“In a hybrid work environment the only office every employee goes to each day is the digital one. It’s about taking a digital first approach to working with colleagues and partners and being more thoughtful in how we connect. So, recording a voice message or video in Slack and working on collaboration platforms means we don’t have to spend 10 hours a day staring at each other in an office.”

When she does use email it is usually to check something relating to her personal life rather than work. Getting a good work/life balance is important to her. She admits that she has, in the past, spent too much time in the office and not enough taking care of her own health.

Personal tragedy made her reassess her life when she lost her father in 2018 and her brother in 2019 both due to short illnesses. “My brother died very soon after he was diagnosed, and my father died very suddenly - I had only been in Salesforce for 3 months when I lost Dad - it was a very difficult time for me and my family”. Her brother had been a marathon runner and her father had also been a big golfer so, over the Christmas period in 2020, she realised she too needed to embrace a new health regime. “I was working and working and working and not doing any exercise or looking after myself so, after the Christmas holiday, I basically set out on this mission to look after myself and walk 10,000 steps religiously every day and to watch what I’m eatingand drinking”.

“I have lost over 25Kg in a year. I don’t drink really anymore, I am in the gym four times a week and walking my dogs every day and it’s just completely transformed who I am and I don’t ever want to go back to what I was 12 months ago.” This change has not only helped her personally,it has also transformed her management style.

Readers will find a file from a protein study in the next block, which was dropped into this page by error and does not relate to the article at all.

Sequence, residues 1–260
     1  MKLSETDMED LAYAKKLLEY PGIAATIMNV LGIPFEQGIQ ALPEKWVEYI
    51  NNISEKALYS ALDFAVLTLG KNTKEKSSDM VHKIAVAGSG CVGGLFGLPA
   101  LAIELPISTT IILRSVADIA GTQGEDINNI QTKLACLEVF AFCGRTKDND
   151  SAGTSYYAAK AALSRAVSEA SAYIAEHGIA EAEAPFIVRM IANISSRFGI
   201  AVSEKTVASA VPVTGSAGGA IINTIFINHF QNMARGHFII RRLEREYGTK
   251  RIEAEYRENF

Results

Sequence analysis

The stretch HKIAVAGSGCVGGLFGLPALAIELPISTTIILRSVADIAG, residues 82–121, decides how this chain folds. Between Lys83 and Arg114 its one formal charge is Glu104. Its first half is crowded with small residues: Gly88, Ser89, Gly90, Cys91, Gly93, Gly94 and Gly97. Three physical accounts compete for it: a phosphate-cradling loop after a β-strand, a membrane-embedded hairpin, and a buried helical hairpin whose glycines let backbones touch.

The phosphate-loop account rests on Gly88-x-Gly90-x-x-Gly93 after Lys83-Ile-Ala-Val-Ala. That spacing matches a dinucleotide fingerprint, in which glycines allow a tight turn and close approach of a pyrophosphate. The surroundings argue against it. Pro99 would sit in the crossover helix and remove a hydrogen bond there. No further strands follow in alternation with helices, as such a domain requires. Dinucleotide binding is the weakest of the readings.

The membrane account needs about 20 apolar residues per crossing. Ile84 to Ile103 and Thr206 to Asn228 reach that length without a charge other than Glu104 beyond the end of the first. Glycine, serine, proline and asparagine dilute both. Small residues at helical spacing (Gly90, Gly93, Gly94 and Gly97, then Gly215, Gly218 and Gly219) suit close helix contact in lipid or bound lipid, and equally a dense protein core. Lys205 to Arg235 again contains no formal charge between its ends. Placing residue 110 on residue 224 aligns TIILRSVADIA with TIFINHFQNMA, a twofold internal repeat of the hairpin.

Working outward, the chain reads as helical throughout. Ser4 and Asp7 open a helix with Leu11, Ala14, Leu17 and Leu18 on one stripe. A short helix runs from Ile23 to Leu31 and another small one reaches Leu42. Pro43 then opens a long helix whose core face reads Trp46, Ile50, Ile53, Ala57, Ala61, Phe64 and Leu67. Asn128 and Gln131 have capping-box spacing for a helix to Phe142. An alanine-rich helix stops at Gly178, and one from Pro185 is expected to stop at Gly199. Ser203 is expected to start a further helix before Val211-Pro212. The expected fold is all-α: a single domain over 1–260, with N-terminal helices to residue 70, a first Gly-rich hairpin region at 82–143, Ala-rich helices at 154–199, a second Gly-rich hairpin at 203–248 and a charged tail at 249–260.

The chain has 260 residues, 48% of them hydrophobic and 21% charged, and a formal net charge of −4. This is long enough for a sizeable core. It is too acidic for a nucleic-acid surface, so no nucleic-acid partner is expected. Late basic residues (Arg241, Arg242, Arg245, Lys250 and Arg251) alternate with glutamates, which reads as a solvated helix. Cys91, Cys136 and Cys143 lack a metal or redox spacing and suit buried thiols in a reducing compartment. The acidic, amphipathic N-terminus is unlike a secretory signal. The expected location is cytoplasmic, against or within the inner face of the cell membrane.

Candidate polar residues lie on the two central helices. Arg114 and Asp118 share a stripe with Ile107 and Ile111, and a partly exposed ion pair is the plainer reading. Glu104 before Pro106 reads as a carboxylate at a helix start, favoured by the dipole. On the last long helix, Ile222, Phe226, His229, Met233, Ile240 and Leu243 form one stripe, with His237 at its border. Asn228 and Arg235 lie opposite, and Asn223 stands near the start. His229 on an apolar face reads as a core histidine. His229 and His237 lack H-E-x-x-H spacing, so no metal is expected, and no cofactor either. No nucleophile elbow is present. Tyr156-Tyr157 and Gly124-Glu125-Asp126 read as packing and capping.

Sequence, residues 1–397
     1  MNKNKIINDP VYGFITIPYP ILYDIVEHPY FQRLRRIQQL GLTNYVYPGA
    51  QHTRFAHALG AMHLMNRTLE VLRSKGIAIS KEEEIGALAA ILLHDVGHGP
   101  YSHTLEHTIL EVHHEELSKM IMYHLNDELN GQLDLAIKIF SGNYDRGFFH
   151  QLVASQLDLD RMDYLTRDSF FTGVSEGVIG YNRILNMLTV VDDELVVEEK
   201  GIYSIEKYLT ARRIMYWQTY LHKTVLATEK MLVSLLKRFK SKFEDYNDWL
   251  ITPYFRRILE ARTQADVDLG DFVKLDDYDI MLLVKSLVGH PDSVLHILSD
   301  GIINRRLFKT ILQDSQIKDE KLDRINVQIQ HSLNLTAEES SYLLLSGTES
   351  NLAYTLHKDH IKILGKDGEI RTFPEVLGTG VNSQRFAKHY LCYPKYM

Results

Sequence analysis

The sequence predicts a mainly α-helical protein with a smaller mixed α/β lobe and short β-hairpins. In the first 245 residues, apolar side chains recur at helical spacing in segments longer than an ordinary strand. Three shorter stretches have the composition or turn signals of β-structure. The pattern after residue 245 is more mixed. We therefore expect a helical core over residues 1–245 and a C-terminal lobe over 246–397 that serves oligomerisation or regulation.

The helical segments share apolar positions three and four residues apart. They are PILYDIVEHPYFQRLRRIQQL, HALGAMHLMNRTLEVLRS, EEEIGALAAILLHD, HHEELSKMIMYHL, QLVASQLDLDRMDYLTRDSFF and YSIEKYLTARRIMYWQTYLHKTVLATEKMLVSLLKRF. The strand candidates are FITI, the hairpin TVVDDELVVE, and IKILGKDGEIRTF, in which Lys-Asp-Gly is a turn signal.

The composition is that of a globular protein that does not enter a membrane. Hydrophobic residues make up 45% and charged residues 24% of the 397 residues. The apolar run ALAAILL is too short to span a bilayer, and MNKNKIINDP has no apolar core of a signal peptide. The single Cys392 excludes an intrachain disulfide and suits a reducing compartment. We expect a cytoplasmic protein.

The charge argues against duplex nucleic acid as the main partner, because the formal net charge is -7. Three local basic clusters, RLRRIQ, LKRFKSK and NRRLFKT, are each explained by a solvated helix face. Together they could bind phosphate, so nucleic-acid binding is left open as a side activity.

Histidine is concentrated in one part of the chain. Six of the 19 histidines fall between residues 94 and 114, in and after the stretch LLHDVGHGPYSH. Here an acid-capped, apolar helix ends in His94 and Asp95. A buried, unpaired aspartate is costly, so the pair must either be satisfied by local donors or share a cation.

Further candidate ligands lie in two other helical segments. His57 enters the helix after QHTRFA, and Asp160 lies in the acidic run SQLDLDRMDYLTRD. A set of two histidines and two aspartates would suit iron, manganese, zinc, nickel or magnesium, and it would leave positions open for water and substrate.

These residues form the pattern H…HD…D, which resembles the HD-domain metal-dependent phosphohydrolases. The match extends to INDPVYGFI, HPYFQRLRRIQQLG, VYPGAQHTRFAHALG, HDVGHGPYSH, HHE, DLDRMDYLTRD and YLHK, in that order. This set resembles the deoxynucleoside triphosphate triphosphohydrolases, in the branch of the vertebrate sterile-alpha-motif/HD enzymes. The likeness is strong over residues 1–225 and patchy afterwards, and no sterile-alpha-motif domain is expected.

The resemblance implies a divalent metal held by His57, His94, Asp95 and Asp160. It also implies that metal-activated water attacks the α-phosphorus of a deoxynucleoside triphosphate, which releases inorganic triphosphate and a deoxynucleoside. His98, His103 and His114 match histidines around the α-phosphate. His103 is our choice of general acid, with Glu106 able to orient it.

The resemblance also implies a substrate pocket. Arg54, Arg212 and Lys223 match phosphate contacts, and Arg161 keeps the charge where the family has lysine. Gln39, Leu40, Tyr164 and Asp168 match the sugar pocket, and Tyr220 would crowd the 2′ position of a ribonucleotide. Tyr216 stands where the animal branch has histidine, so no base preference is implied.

“There are leaders who expect the 24/7 and then there are leaders who have been through very, very difficult crises in their personal lives and know the importance of balance and I’m one of those. I wasn’t before by the way. I perhaps was a 24/7 work work work person.”

“At Slack we’re trying to remove the back to back video conferences and have thoughtful time to self-reflect or strategise with a customer, or think about long-term business plans.” She is pleased that more businesses are now having to consider how they want people to work. “The pandemic has very much accelerated the art of what’s possible in terms of flexibility and productivity,” she says. “I think there were many companies who were quite draconian and thought that if they don’t see people working in front of them, they don’t believe you are actually working.” The pandemic proved this theory wrong, she says, but admits we are still in the early days of working out what the new normal should look like.